- Playing before the Lord: The Life and Work of Joseph Haydn by Calvin R. Stapert
Playing Before the Lord: The Life and Work of Joseph Haydn is a highly informative, impressively documented, up-to-date, and engaging biography of the most famous composer in Europe at the end of the eighteenth century. Its author, Calvin R. Stapert, is professor emeritus of music at Calvin College in Grand Rapids, Michigan.
The book’s title reflects the devout Catholic faith of Joseph Haydn (1732–1809) as well as the words “Laus Deo” that the composer usually wrote at the ends of his scores. In addition to discussing Haydn’s most important works (including his best sacred music), the biography’s twenty chapters offer an open and honest, chronological account of his life, not hesitating to touch upon some of the darker elements (e.g., his few shady dealings with publishers and his melancholy). The biography ends with a chapter of reflections upon Haydn’s reception and what his music can do for listeners in our troubled age today (offering a “deeper reality” and a “revelation of grace,” pp. 257, 258). For Stapert, Haydn’s music is “art that makes [our world] a happier place” (p. 255). [End Page 663]
Carefully grounded upon the best secondary literature about Haydn, the book is thoroughly documented with frequent references that cite most of the distinguished Haydn scholars from the past century (e.g., H. C. Robbins Landon, Karl Geiringer, and David Wyn Jones). There are ample quotations from these authors as well as from primary sources on the composer’s life. The book also includes a selective bibliography and a glossary of commonly used musical terminology, as well as separate indexes for names/places/terms and for Haydn’s works. Curiously, the names of important Haydn scholars C. F. Pohl and Jens Peter Larsen are absent.
Among the book’s positive features are the extended analytical discussions of particular compositions. Through carefully selected musical illustrations (with notated examples and formal diagrams), readers learn about the details that have made Haydn’s music so successful. Substantive analyses are found for selected symphonies, keyboard sonatas, string quartets, art songs, oratorios, and operas. Despite the challenges of such prose analyses for readers, the author’s effective, concise analyses reflect his keen awareness of how descriptive analysis “may help guide a listener’s ear to be more perceptive” (p. 58).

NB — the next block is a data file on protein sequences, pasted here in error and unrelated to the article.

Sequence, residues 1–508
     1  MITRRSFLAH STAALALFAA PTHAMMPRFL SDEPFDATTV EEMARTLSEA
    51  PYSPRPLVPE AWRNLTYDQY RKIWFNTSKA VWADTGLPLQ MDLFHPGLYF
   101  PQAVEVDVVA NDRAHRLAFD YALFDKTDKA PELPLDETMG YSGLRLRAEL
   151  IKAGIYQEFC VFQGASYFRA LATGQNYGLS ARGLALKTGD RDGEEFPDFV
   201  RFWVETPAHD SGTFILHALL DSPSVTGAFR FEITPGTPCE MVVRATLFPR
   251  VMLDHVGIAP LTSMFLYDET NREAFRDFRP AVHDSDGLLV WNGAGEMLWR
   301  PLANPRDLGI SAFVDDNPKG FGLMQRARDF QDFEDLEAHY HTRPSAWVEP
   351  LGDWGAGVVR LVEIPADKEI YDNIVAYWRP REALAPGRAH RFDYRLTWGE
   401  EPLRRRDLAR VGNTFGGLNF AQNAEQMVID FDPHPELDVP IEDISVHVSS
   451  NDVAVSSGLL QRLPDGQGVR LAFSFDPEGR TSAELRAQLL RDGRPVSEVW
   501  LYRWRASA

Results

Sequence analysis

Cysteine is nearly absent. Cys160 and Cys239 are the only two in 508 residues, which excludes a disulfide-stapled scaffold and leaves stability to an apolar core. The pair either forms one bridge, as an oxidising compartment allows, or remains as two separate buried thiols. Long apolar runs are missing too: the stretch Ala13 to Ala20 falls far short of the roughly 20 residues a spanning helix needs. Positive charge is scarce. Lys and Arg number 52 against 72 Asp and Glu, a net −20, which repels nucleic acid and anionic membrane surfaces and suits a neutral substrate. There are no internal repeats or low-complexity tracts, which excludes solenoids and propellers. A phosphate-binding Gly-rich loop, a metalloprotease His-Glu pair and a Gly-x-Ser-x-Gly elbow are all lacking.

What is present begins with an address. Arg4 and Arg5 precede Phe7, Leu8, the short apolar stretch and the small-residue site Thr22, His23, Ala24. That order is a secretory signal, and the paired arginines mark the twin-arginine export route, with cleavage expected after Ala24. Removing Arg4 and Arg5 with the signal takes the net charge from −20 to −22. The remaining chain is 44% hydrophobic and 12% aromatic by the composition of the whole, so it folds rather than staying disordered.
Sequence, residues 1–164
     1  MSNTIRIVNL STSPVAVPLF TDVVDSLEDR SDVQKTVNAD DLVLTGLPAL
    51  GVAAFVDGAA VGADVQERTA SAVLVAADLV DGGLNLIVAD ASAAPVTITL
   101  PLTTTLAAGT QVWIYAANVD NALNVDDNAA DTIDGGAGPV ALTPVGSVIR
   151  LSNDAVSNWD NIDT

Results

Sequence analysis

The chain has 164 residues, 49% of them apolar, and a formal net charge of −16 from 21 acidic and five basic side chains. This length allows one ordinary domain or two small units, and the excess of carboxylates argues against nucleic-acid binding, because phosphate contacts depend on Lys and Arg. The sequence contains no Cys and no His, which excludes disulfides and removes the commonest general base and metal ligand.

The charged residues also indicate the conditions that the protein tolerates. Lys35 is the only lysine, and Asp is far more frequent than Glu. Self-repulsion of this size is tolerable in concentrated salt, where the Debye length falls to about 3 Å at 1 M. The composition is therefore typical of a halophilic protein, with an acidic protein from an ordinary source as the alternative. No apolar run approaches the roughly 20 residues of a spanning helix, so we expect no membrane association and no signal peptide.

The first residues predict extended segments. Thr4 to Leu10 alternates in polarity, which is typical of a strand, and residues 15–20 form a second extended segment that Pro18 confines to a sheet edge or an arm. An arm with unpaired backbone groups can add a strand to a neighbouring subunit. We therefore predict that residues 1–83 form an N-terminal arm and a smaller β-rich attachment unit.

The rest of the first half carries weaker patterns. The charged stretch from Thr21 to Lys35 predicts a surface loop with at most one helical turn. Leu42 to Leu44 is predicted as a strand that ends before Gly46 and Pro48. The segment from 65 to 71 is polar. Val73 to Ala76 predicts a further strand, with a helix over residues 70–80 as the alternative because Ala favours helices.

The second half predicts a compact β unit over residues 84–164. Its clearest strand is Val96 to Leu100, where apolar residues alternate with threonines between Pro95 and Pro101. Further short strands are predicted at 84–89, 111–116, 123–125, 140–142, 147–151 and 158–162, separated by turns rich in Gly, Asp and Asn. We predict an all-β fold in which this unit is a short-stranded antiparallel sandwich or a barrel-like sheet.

One small drawback in the narrative is that the author does not always state the year in which some event happens, so that the reader must often backtrack several paragraphs to verify the year to which the author refers. Adding a chronology for Haydn’s life to the appendix would have provided helpful temporal orientation. In addition, there are numerous illustrations (music examples and formal diagrams) that would be more instructive if they had a caption that identified the work, rather than giving just an Example/Diagram number that makes the reader search through the text to ascertain the piece’s identity.
Each chapter opens with two or three eye-catching epigraphs, which can be quite inspiring or occasionally distracting—the latter when the quotation seems disconnected from the topic or period of the chapter that follows. Usually, epigraphs are supposed to reflect a theme for the chapter; however, their purpose in Stapert’s volume seems to be, in some cases, intellectual ornament.
Surprisingly, Stapert agrees with Charles Rosen’s concerns about the musical character of Haydn’s late Masses being sometimes at “odds with the text.” He remarks (p. 236) at the two-tempo slow/fast Kyrie settings that Rosen terms “inaptly jolly” without realizing that Haydn was following a long-established twotempo Kyrie convention, rather than relying on his slow/fast symphony movement practices.
In sum, Stapert’s biography is an enthusiastic, candid, and thorough account of the life of one of the first internationally known living composers of Western music. Making fine use of the best...